"Flushing out the reclusive funding fairy might be our only hope."
With lawmakers wary of both tolls and taxes but wanting roads, magic might be the only option.
The Texas Road Fairy surfaced again last week.
Well, not the actual fairy himself (or herself). Rather, what popped up were more mentions of the apparently timid creature. The fairy, to my knowledge, has never been spotted in the flesh, or whatever it is that covers fairies.
In fact, the salient characteristic of the road fairy seems to be doubt about its existence. As in, "There's no road fairy, so we have to build toll roads." Or, for those on the other side of the debate, "Unless you believe there's a road fairy somewhere out there, we need to increase the gas tax." Or for the truly confident and ecumenical: "There's no road fairy to save us. We need to build tollways and raise gas taxes."
State Sen. Jeff Wentworth, R-San Antonio, was the latest to cite the highway sprite, this time during a debate last week over legislation to allow localities to raise the gas tax or fees to pay for transportation projects. Wentworth supports the idea. But some conservatives, you see, don't like the bill because it would allow the public to vote to tax itself. The Legislature for 18 years has resisted raising the state's 20-cent-a-gallon gas tax.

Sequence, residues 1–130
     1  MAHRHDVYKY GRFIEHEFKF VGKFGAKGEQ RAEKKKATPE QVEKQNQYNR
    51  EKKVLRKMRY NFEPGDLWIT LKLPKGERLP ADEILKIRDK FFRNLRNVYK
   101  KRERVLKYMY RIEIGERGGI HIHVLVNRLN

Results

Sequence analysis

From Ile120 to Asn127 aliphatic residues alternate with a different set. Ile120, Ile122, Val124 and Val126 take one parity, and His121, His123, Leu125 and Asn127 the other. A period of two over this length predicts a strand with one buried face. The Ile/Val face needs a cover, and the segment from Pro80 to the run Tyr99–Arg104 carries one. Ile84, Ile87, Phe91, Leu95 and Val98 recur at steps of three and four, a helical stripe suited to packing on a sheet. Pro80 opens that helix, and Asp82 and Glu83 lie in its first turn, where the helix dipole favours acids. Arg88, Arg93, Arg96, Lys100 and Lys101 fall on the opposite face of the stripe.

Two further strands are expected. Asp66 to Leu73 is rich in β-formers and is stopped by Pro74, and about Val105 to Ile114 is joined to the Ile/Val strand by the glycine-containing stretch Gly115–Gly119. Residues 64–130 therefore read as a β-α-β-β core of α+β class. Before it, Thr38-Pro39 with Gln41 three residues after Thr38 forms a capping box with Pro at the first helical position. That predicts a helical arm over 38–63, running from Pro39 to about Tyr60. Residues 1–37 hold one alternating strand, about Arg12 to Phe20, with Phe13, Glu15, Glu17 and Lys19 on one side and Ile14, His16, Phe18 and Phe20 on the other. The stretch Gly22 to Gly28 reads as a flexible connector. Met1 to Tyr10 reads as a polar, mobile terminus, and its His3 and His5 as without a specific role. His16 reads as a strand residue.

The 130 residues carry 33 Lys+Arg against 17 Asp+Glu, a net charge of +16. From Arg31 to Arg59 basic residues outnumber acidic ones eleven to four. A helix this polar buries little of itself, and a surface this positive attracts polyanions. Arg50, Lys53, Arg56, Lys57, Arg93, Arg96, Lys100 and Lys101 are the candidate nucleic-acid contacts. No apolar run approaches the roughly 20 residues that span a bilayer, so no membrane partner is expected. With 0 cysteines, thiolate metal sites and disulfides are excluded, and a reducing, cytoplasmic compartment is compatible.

Recall that last session, a majority of lawmakers rebelled over private toll road leases. And toll roads in general are not real popular across the state. But then again, neither is sitting in traffic going nowhere, spewing out pollution and stewing over missed appointments. So: Don't toll me, don't tax me, but by God build me some roads and rail lines.
That leaves us with the engineering elf.
All of which made me wonder: What exactly does the Texas Road Fairy look like?
There's the gender question first of all. I'm guessing male, given that highway design and construction is still dominated by men. Maybe with an impish two- or three-day growth of beard.
Costume? Most of us associate fairies with Tinker Bell, of course, she of the toga-like, clingy micro-mini. No way our manly road fairy would be caught in that get-up. No, we're talking coveralls in that neon-orange hue for safety, a traffic cone for a hat and steel-toed Redwings rather than those little slippers with puff balls most fairies wear. The coveralls must have deep pockets, to carry billions of dollars in cash.
Might be hard to elevate, given that load. But this is a Lone Star pixie, after all, with a Texas-size wingspan and special dust straight from Willie Nelson's tour bus. He'll get 'er done.
With the Legislature edging away from both taxes and tolls, that leaves magical thinking. Flushing out the reclusive funding fairy might be our only hope. I'll keep my eye out for a glowing light bouncing off the Capitol walls in the session's closing weeks.
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